Mallika Prasad brings back her play 'Hidden in Plain Sight', in an all-new digital avatar

The solo performance presents various situations of life through stories of four characters - all women

Ayesha Tabassum Published :  23rd April 2021 07:58 PM   |   Published :   |  23rd April 2021 07:58 PM
Hidden in Plain Sight by Mallika Prasad

Hidden in Plain Sight by Mallika Prasad

Is it always possible to stay in touch with all your school friends? If you try to reconnect with them at a later stage in life, is there a possibility that you can rekindle the friendship once again? It was questions such as these that led theatre artiste Mallika Prasad to come up with the idea for the play Hidden in Plain Sight, a few years ago. The performance premiered at the Going Public Theatre Festival at Goldsmiths, University of London, in June 2012.

Hidden in Plain Sight by Mallika Prasad

A Version 2.0 Digital Edition of the same play will premiere online this weekend. What started as a desire to connect with her school friends, led Mallika to work on this script along with playwright Ram Ganesh Kamatham. Although the play was written when nobody would have imagined a world hit by the pandemic, the play holds relevance more than ever today. The solo performance by the artiste (also directed by her) presents various situations of life through stories of four characters - all women. The first one is locked in an apartment, the second character is an aging diva - an actress, the third is a woman who has decided to quit her job and explore the mountains, and the fourth is Mailer Daemon (the mail delivery subsystem), which is imagined as a woman.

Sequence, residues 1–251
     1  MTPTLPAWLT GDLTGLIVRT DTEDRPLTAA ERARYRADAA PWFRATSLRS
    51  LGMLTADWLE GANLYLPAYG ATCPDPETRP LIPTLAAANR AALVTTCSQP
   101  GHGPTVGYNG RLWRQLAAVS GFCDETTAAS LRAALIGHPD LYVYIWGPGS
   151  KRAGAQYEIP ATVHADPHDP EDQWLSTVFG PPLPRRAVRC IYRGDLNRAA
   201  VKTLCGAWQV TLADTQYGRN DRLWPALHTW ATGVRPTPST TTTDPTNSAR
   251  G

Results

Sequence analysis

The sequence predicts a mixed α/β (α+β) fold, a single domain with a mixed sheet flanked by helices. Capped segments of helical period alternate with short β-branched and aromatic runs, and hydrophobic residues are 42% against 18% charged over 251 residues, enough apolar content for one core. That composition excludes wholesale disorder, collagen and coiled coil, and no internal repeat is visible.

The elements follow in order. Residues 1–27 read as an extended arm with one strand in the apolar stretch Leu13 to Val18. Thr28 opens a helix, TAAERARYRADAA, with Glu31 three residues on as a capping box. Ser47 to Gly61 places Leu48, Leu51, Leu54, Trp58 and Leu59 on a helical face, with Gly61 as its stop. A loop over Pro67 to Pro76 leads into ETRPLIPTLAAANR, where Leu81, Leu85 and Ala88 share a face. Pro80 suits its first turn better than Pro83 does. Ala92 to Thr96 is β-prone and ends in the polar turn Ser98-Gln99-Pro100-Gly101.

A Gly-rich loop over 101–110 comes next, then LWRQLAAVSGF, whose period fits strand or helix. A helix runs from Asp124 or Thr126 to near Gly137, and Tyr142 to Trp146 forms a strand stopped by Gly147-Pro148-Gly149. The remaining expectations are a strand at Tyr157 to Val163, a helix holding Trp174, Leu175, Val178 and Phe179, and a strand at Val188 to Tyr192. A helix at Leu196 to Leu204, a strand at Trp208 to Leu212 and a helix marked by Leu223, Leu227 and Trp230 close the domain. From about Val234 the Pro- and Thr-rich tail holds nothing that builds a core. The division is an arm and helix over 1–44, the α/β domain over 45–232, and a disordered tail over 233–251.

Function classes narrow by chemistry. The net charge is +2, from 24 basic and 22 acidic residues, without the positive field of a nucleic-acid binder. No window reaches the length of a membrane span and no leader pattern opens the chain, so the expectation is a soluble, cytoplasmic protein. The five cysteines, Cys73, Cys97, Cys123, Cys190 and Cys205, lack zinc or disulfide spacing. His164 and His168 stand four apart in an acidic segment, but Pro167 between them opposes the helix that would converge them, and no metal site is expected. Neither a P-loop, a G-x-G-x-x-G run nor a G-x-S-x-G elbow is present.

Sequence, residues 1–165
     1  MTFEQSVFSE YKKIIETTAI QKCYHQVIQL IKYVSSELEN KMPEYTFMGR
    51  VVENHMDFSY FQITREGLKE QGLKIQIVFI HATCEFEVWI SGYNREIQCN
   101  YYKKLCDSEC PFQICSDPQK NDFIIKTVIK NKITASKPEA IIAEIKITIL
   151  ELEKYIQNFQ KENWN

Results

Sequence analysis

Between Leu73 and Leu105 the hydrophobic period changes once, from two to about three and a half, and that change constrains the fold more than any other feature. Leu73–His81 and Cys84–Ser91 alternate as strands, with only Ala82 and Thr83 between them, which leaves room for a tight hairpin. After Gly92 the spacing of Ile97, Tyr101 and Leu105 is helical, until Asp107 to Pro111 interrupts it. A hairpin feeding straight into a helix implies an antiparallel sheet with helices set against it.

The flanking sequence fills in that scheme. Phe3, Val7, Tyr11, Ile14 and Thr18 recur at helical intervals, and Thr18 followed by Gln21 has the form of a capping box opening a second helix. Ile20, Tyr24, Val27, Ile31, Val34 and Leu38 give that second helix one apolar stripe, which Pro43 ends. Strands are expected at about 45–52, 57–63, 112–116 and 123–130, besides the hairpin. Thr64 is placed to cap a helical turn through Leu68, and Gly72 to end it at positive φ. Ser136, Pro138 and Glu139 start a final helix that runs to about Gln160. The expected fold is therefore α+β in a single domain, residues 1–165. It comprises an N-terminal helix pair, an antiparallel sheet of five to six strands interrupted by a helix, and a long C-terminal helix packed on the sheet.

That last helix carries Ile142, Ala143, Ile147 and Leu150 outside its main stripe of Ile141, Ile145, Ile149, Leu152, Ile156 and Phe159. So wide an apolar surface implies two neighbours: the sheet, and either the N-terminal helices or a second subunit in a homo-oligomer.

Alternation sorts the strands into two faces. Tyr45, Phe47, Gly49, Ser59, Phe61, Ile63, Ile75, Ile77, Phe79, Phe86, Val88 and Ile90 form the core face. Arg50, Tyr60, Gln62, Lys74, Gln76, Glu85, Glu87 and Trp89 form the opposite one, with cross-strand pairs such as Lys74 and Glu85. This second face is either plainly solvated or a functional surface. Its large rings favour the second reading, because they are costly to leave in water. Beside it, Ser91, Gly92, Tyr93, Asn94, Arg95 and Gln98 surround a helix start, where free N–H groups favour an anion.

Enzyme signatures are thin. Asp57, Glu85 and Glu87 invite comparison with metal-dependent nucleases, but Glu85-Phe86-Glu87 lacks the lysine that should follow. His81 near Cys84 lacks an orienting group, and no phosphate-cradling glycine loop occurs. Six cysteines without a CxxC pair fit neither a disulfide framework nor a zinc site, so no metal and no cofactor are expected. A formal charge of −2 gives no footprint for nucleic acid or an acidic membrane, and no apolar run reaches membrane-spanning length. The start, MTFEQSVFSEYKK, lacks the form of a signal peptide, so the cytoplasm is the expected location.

Hidden in Plain Sight by Mallika Prasad

“We are looking at characters who have fallen away (from usual humdrum) and are forgotten. Somehow they (their existence) resonate with so many other ideas,” explains the director and performer. Hidden in Plain Sight is also an amalgamation of many surprises. Expect a Hindi movie cabaret number and excerpts from letters of a 17th century Zen monk. The play, through its humour, reflects the current times, and it highlights the notion of well-being. “The artistic aim of drama is to respond to the “present moment” - and we do that as artistes by acknowledging the extreme mental distress of the pandemic, and offering a way for the audience and performer to still be together and experience the performance,” says Mallika.

Rs 500. April 23-25. On